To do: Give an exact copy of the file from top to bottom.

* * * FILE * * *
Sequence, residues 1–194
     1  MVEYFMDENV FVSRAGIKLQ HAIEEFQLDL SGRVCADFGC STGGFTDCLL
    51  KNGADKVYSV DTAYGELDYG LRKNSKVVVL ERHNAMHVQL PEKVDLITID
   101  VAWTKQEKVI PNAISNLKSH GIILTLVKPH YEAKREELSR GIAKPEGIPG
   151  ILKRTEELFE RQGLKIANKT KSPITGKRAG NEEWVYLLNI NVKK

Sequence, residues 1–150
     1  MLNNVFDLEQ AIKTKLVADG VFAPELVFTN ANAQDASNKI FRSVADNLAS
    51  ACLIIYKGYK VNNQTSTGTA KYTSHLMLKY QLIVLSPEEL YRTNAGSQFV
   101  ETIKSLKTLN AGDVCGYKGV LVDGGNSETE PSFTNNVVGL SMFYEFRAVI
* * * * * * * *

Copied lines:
Sequence, residues 1–194
     1  MVEYFMDENV FVSRAGIKLQ HAIEEFQLDL SGRVCADFGC STGGFTDCLL
    51  KNGADKVYSV DTAYGELDYG LRKNSKVVVL ERHNAMHVQL PEKVDLITID
   101  VAWTKQEKVI PNAISNLKSH GIILTLVKPH YEAKREELSR GIAKPEGIPG
   151  ILKRTEELFE RQGLKIANKT KSPITGKRAG NEEWVYLLNI NVKK

Sequence, residues 1–150
     1  MLNNVFDLEQ AIKTKLVADG VFAPELVFTN ANAQDASNKI FRSVADNLAS
    51  ACLIIYKGYK VNNQTSTGTA KYTSHLMLKY QLIVLSPEEL YRTNAGSQFV
   101  ETIKSLKTLN AGDVCGYKGV LVDGGNSETE PSFTNNVVGL SMFYEFRAVI